Genes associated with chromatin, cytoskeleton, nuclear structure, and cell motility (Table 9) were notably absent, a finding commensurate with the fact that the predominant taxa in the sample were bacteria. Compared to other representative aquatic metagenomes [22, 32–34], the James River functional assignments, like Mississippi River, were in line with intensive aquaculture, a lake experiencing algal bloom, and sludge, and very different from Chesapeake Bay. KEGG metabolic pathway maps provided deeper insight into the ecosystem functions conducted by the James River microbiota. Although the most complete identified pathways were associated with basic cellular maintenance (carbohydrate, amino acid, lipid, and energy metabolism), a substantial number of partial metabolic pathways were related to xenobiotic biodegradation and metabolism. Multiple reaction links were evident for pathways involved in processing or degrading atrazine, benzoate, bisphenol, chlorobenzene, chlorocyclohexane, ethylbenzene, PAHs, naphthalene, nitrotoluene, toluene, and xylene, many of which are PBTs. In many cases, the predicted xenobiotic pathways were indicated by abundances of identified enzymes exceeding 100 reads. For example, toluene degradation (enzyme entry 126.96.36.199) was implicated by 820 enzyme identifications, dioxin metabolism (enzyme entry 188.8.131.52) was implicated by 555 enzyme assignments, and benzoate degradation (enzyme entry 184.108.40.206) was implicated by 492 enzymes. Although the proportional representation among the SEED categories was not well matched between James and Mississippi Rivers, the functional links implicated in the James River metagenome, especially the abundance of xenobiotic biodegradation pathways, coincided well with the links exhibited in two Mississippi River metagenomes (St. Cloud and Twin Cities ). It is important to note that this is only a snapshot of the response of the microbial consortium to anthropogenic substances delivered to James River. It remains to be determined how quickly and to what degree the consortium shifts; if the river responds to increased amounts of synthetic compounds in much the same way as the human microbiome does , shifts in taxa and function could occur on the order of days. More complex sampling strategies across spatio-temporal scales are necessary to address this issue.
This study revealed details of the function of the river as a medium for transmission of numerous infectious agents [37–39] , and garnered a wealth of epidemiologically-relevant data. Both prokaryotes and eukaryotes with health and disease implications were revealed by the taxonomic summaries. Numerous reads from both libraries matched plant and domestic animal pathogens: 21 % of the top 254 taxa in the WGS library and 28 % of the top 230 OTUs in the 16S library. Notable among the known human, food crop, and fish pathogens were Agrobacterium (0.5 % of WGS reads, 0.2 % of 16S reads), Bacteroides (0.9 % of WGS, 0.01 % of 16S), Burkholderia (1.5 % of WGS, 0.01 % of 16S) Chromobacterium (0.3 % of WGS, 0.2 % of 16S), Comamonas (1.7 % of WGS, 0.07 % of 16S), Flavobacterium (2 % of WGS, 0.4 % of 16S), Legionella (0.08 % of WGS, 0.01 % of 16S), Mycobacterium (1 % of WGS, 0.005 % of 16S), Novosphingobium (0.2 % of WGS, 0.004 % of 16S), pathogenic Pseudomonas species (3 % of WGS, 1 % of 16S), Ralstonia (0.7 % of WGS, 0 % of 16S), Vibrio (0.4 % of WGS, 0 % of 16S), and pathogenic Enterobacteriaceae (0.11 % of WGS, 0.11 % of 16S ). In addition, several of the cyanobacteria (Nostocophycideae, Oscillatoriophycideae, Synechococcophycidea) detected in this sample have been noted in other metagenomic studies of toxic blooms , and are considered potentially pathogenic because the toxins they produce under bloom conditions have adverse effects on both aquatic living resources and humans. Of the 50 top eukaryotes detected based on MEGAN read abundance in the WGS data, 6 were known human, plant, and animal parasites or pathogens; notably Trichodina , Leishmania, Trypanosoma , Plasmodium , Naegleria , and Botryotinia .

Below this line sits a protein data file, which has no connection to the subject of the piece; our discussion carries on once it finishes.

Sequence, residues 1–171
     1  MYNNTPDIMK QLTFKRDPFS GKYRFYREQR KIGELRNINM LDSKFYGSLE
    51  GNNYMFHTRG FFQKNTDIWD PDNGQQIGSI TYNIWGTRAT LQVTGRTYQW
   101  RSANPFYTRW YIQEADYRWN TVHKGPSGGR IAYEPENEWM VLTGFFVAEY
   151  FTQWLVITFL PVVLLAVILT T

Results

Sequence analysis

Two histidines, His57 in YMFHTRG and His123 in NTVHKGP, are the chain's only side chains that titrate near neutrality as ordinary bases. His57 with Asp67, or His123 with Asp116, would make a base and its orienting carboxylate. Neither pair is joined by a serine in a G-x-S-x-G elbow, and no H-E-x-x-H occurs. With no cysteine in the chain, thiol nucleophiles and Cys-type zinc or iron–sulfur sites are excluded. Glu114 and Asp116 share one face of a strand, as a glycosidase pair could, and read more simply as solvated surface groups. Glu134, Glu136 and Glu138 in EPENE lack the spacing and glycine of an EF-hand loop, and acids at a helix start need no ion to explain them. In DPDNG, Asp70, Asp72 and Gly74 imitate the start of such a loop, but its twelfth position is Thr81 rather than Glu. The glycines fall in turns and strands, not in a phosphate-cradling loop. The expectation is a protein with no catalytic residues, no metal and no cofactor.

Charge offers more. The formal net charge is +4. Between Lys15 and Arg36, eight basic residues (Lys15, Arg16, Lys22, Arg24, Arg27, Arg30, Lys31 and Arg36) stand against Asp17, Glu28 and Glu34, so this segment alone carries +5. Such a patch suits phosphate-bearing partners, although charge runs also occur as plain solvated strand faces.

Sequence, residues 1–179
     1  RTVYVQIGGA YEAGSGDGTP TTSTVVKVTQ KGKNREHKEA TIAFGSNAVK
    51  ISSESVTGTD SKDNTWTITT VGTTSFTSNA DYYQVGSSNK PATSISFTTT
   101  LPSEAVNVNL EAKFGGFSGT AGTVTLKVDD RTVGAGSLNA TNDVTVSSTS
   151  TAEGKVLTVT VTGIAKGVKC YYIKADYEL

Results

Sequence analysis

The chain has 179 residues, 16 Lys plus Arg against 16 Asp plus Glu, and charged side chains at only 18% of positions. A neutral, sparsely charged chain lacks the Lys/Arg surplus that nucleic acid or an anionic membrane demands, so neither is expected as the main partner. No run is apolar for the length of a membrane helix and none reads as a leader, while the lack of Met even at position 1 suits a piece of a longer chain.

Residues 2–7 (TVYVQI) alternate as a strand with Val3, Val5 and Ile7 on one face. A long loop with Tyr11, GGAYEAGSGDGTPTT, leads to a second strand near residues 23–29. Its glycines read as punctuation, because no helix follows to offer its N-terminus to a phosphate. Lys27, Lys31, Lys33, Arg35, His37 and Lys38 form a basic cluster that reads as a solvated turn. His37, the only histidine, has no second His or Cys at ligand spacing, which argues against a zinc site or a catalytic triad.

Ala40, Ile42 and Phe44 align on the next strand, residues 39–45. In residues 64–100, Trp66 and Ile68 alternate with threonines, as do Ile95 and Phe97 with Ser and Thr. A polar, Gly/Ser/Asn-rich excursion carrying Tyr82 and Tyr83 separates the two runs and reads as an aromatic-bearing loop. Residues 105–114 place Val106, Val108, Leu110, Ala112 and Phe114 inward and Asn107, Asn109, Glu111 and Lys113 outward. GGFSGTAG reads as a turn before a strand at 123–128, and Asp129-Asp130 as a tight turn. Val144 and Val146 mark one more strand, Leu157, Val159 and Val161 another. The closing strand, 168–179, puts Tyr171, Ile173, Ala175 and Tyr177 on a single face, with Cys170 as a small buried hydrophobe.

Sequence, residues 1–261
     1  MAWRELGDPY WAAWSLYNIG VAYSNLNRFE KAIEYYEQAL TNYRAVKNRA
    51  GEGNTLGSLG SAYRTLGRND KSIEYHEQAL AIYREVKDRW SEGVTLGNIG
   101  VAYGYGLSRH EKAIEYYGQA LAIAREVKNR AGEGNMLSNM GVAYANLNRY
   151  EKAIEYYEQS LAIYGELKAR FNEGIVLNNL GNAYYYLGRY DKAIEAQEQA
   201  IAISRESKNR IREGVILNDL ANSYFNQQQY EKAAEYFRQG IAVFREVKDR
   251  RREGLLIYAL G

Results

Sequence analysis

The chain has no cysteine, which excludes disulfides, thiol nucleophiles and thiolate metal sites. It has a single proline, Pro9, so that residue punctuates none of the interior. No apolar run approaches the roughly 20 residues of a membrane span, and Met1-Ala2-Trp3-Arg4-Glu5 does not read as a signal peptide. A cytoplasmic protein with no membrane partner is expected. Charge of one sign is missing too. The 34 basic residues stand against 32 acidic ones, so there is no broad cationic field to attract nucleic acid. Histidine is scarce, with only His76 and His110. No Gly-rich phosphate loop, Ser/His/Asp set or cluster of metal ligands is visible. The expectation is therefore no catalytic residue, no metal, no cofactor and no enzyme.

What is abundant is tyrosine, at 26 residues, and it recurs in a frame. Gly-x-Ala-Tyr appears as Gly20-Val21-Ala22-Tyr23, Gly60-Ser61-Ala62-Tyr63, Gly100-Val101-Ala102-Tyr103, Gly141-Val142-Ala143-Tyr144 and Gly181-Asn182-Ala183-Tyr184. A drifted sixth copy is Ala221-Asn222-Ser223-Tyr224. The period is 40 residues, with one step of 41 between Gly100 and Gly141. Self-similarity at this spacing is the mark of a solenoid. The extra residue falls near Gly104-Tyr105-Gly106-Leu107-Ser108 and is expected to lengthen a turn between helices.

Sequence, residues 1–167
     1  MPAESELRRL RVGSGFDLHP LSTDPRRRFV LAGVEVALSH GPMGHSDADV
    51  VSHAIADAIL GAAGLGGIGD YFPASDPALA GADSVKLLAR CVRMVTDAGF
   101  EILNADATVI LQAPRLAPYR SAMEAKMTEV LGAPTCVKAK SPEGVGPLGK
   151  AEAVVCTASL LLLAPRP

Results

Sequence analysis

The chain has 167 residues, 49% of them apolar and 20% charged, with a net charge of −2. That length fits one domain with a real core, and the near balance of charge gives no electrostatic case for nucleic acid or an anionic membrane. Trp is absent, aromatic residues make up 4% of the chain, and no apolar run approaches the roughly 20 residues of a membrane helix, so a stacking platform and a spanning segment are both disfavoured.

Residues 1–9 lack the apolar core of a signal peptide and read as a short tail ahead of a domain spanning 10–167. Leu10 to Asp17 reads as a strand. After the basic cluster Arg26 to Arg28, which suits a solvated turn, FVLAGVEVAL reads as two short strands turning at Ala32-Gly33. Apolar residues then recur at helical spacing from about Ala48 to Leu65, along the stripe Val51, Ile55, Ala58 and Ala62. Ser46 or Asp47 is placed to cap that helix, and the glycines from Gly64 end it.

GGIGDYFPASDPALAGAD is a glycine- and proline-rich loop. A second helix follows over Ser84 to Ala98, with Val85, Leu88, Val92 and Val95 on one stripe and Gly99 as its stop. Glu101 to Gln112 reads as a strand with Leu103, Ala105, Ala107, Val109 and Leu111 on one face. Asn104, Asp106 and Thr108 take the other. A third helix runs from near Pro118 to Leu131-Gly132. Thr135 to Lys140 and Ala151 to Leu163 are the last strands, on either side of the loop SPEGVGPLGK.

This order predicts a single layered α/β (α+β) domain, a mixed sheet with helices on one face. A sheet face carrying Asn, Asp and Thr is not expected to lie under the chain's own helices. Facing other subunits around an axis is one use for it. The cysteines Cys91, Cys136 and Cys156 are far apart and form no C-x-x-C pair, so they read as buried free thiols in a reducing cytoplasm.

Out of the 2 % of reads revealed by MG-RAST to be associated with COG defense mechanisms (Table 9), 78 % were for multidrug resistance and 5 % were specifically for antibiotic resistance (Table 10), representing 13 different antibiotic resistance genes. These findings are consistent with the work of others  where antibiotic-resistant bacteria were isolated from freshwater samples from 16 US rivers at 22 sites, and studies showing high levels of antibiotic resistance in rivers in the UK , China , India , and Cuba . The detection of antibiotic resistance genes is not necessarily surprising, given that so many natural organisms display resistance ; however, recent work in the Hudson River  documented a positive correction between counts of the fecal indicator Enterococcus and levels of resistant bacteria, and demonstrated a shared sewage-agricultural-domesticated animal associated source. Moreover, the study of Chinese rivers  detected a synthetic plasmid vector-originated ampicillin resistance gene in samples from six rivers, with higher levels being found in habitats that receive more untreated waste. This synthetic plasmid has a number of industrial and agricultural applications and there is a large chance of uncontrolled discharge into the environment. Alternately, antibiotic resistance may be transferred to other members of the river consortium by other genetic processes. Antibiotic resistance has been called one of the most pressing and urgent public health crises in the world , and our work, combined with the studies cited above, suggest that river water may serve as a significant reservoir or incubator for antibiotic resistance genes, where inputs of the waste from treated animals and humans could alter background levels of antibiotic resistance in the environment .